The publication server primarily provides open access to scientific publications that have already been published. Authors thus have the opportunity to make older publications freely available at a later date as so-called second publications. The way in which this can be done depends on the conditions of the individual journals, which are explained in more detail here.
Creative Commons licenses
If a Creative Commons license has been granted, the rights of use remain with the author. You can distribute the publication as you wish and archive it on the publication server (more information on license terms can be found … here).
Most publishers allow publication as a postprint (i.e., the accepted manuscript version, but not the version laid out by the publisher) 6-12 months after initial publication.
Commonly used terms in this context are:
Preprint – The manuscript version prior to the peer review process.
Postprint – The manuscript version after the peer review process. In terms of content, this version is identical to the final version.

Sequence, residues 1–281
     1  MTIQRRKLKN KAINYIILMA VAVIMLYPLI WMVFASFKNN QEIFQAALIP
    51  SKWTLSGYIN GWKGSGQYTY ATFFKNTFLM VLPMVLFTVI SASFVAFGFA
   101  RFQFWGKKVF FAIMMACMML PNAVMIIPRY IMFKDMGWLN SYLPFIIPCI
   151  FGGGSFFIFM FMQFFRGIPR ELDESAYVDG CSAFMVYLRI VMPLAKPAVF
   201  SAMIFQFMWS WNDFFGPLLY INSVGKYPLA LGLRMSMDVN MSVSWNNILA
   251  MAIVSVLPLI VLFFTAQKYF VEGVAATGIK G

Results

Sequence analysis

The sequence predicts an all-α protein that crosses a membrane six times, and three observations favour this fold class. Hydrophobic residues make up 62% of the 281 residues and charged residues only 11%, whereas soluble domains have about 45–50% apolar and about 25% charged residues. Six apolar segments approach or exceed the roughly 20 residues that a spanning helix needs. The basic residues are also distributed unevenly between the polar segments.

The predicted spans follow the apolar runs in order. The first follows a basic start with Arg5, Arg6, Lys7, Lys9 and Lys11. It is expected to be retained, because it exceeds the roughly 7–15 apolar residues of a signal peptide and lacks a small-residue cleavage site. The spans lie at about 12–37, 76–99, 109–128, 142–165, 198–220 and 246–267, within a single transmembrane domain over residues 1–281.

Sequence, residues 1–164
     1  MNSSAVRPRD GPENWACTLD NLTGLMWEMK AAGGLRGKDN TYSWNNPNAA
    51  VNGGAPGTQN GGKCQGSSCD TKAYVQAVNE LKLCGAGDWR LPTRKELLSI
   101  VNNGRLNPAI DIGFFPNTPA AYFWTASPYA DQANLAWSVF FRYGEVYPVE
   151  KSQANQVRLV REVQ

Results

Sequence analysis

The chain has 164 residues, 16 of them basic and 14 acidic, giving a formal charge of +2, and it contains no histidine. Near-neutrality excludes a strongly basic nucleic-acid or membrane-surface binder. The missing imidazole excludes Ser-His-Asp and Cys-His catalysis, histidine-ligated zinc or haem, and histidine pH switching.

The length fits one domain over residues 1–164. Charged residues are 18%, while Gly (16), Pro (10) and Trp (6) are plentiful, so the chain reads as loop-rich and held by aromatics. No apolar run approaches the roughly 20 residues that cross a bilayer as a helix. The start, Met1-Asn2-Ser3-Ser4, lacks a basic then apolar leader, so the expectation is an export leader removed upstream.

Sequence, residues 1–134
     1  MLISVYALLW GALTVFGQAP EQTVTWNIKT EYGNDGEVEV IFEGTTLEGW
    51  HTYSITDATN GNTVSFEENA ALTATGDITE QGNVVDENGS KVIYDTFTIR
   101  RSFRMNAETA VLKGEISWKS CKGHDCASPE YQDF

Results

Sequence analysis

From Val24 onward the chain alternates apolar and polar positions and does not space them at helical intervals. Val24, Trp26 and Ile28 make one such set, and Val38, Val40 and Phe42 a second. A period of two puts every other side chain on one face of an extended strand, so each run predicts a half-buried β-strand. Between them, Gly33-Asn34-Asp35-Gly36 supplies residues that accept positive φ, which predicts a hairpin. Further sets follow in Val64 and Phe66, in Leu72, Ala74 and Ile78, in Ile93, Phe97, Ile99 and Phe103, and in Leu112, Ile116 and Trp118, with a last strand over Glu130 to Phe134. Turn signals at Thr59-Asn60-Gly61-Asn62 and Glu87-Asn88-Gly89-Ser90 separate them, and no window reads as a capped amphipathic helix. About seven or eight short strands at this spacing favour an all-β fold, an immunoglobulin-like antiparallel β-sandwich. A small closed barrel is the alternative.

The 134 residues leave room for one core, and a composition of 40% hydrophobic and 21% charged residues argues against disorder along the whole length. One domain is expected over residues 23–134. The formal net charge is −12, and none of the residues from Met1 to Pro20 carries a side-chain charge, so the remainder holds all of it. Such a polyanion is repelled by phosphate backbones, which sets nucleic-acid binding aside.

Publisher’s version – The final version in the publisher’s layout.
Embargo period – Articles can often only be made available in open access after a time delay. The embargo period for publications in the natural sciences is usually 6 months; for publications in the humanities and social sciences it should not exceed 12 months.
Secondary exploitation right
As of 01.10.2015, a new copyright law applies in Austria. One innovation that will benefit scientists is the so-called secondary exploitation right. Authors are granted the right to freely distribute their own work online in a collection published periodically at least twice a year for 12 months after publication in the accepted manuscript version, even if the contracts concluded with the publisher say otherwise. If you would like to take advantage of the secondary exploitation right, you can contact with any questions.